Much has been made about Windies skipper Gayle s decision to bat down the order because of my success against him where I have dismissed him seven times in six tests, five of them for ducks. It is somewhat similar to the success I have had against New Zealand s Stephen Fleming in one-dayers.
Gayle has been criticized in the Windies for that decision but I see nothing wrong with it. Dwayne Bravo was uncomfortable facing Murali early on, and Gayle was not happy encountering me first up, so they swapped places. Bravo scored 83 and Gayle was unbeaten 51, so the Windies skipper should be commended, not condemned!
After the Windies middle order batting failed to live up to expectations, their tail offered strong resistance with Gayle holding one end up admirably. The ball was old and hard and reversing, so we delayed taking the new ball. In fact, I wanted to continue with the older ball but after some time, Mahela decided otherwise and in the end, it was the new ball that did the trick. That decision showed Mahela s maturity as a captain-it is so easy to play under a skipper who is not only knowledgeable about the game but is also willing to take a bold decision.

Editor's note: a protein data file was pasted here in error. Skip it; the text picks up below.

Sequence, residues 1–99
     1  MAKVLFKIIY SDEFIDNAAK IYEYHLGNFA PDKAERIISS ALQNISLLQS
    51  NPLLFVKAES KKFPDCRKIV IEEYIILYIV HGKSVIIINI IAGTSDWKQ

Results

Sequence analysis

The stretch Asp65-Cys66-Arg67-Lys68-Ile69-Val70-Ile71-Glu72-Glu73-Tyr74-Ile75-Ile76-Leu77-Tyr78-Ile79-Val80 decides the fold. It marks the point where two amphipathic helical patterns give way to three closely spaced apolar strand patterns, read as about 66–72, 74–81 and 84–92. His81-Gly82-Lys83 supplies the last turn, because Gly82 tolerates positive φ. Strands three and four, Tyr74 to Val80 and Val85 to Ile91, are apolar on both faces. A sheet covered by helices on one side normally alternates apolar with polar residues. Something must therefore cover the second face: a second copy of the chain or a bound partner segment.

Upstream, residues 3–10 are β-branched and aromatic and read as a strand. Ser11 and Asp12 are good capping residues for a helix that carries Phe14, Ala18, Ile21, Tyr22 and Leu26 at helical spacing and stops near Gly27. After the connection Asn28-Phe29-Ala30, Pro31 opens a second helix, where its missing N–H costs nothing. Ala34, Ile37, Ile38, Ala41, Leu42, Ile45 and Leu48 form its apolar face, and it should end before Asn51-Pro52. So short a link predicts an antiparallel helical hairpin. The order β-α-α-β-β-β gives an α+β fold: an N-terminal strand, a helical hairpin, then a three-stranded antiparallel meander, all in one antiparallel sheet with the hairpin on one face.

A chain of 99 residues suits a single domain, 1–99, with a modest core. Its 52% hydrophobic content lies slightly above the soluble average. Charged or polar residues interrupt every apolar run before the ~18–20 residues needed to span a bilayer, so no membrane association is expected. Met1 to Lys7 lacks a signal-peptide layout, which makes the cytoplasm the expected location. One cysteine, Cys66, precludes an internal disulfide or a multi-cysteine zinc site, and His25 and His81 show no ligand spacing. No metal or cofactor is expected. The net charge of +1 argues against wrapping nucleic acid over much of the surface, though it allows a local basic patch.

Murali s stunning roll-over catch to dismiss Powell was a fitting end to the game, embodying the determination and skill we brought to the game. Despite our margin of victory it was a close call-the Windies only had to bat a few more overs and about fifteen minutes to save the game.